It’s a huge achievement. Everything has to work together. Everything has to be tested. Everything is interactive, meaning the player can PLAY with it and the world has to react realistically and consistently from the smallest detail upwards.
Then there’s the actual storyline. GTA V introduces three main characters, which the player can inhabit and move between as the game progresses, choosing the most appropriate skill set for specific jobs. The script for the original game was around 30 pages of narrative, delivered by a virtual pager in blocks of around 120 characters. GTA V delivers a huge, collaborative script, with around 50+ hours of gameplay, all of which can be seen from any of the three different main character’s viewpoints.
It’s clear that GTA V represents one of the biggest achievements of the games industry to date.
While it’s too early to provide reliable sales figures, industry analysts are forecasting sales of 20-25,000,000 units in the first twelve months and generate a billion dollars in sales in the first month. With such positive reviews and the reception thus far, this figure does not seem unreasonable. As of December 2012, GTA IV alone had sold over 25,000,000 copies.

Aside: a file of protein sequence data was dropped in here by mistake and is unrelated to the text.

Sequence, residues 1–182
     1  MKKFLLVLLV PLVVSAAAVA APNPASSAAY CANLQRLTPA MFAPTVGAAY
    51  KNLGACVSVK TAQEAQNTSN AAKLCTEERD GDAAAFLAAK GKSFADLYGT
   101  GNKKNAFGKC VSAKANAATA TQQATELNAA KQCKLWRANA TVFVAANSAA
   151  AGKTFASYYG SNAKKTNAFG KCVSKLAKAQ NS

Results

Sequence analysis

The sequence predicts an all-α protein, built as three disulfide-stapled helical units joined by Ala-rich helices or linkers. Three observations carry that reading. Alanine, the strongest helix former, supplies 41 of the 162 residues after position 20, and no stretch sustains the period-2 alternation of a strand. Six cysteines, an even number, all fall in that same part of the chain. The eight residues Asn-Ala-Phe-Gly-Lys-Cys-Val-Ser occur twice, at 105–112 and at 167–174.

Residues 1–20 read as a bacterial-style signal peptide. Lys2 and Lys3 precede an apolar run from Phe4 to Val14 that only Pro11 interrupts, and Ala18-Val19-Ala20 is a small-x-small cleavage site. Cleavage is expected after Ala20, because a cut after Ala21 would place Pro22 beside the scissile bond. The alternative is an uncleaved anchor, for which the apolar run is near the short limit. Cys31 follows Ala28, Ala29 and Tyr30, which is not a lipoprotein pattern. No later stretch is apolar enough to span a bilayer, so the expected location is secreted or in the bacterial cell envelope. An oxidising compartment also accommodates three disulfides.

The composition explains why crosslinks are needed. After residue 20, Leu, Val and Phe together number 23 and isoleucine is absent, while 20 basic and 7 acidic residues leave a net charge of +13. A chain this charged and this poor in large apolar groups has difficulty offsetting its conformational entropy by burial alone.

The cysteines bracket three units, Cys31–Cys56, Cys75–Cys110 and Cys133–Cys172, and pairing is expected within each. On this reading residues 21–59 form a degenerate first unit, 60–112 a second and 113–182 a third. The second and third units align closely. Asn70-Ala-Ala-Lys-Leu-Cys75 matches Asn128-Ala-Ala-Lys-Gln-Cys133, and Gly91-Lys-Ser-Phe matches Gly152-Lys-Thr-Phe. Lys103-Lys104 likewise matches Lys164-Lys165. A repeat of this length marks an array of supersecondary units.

While the vast majority of the GTA series has been set in the USA, the game has been designed and developed in Scotland from the outset. The whole series has a rebellious and subversive dark humour running throughout. It is a parody of contemporary US culture. There’s a particularly Scottish sensibility within each game, clear to those who take the time to play them and which is recognisable to players in everything from area names, business names and elements of missions.
GTA is a global success story which deserves recognition and respect from the rest of the creative world as a staggering achievement and a work of art. In 2006, the series was included in the Design Museum as an example of world class British design, alongside Concorde, red telephone boxes, the London tube map and the Mini.
Globally, the series has sold 125,000,000 copies to date, generating around $6,000,000,000. The games have received almost all of the awards it is possible for them to win and the most recent games are some of the highest scoring in the world.
Made In Scotland.
Congratulations to Les, Aaron and the whole team at Rockstar North. All 350+ of you…